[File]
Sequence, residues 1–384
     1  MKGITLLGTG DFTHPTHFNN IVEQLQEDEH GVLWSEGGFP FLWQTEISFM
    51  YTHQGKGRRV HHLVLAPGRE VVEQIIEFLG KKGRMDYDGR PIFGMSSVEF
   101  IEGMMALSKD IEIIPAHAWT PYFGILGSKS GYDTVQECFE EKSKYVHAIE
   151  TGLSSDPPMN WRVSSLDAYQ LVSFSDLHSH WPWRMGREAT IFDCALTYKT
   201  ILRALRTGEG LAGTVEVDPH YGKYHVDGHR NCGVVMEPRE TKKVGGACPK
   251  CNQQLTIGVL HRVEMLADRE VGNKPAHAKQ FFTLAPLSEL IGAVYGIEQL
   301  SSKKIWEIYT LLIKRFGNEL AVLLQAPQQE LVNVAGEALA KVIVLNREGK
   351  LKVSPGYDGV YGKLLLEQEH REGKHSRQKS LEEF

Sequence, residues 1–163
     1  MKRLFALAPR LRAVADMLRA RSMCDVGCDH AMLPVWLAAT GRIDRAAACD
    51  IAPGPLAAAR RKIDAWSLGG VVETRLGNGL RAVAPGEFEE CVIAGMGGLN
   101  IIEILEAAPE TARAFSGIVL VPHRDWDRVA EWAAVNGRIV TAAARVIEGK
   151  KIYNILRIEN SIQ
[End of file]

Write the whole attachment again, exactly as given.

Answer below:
Sequence, residues 1–384
     1  MKGITLLGTG DFTHPTHFNN IVEQLQEDEH GVLWSEGGFP FLWQTEISFM
    51  YTHQGKGRRV HHLVLAPGRE VVEQIIEFLG KKGRMDYDGR PIFGMSSVEF
   101  IEGMMALSKD IEIIPAHAWT PYFGILGSKS GYDTVQECFE EKSKYVHAIE
   151  TGLSSDPPMN WRVSSLDAYQ LVSFSDLHSH WPWRMGREAT IFDCALTYKT
   201  ILRALRTGEG LAGTVEVDPH YGKYHVDGHR NCGVVMEPRE TKKVGGACPK
   251  CNQQLTIGVL HRVEMLADRE VGNKPAHAKQ FFTLAPLSEL IGAVYGIEQL
   301  SSKKIWEIYT LLIKRFGNEL AVLLQAPQQE LVNVAGEALA KVIVLNREGK
   351  LKVSPGYDGV YGKLLLEQEH REGKHSRQKS LEEF

Sequence, residues 1–163
     1  MKRLFALAPR LRAVADMLRA RSMCDVGCDH AMLPVWLAAT GRIDRAAACD
    51  IAPGPLAAAR RKIDAWSLGG VVETRLGNGL RAVAPGEFEE CVIAGMGGLN
   101  IIEILEAAPE TARAFSGIVL VPHRDWDRVA EWAAVNGRIV TAAARVIEGK
   151  KIYNILRIEN SIQ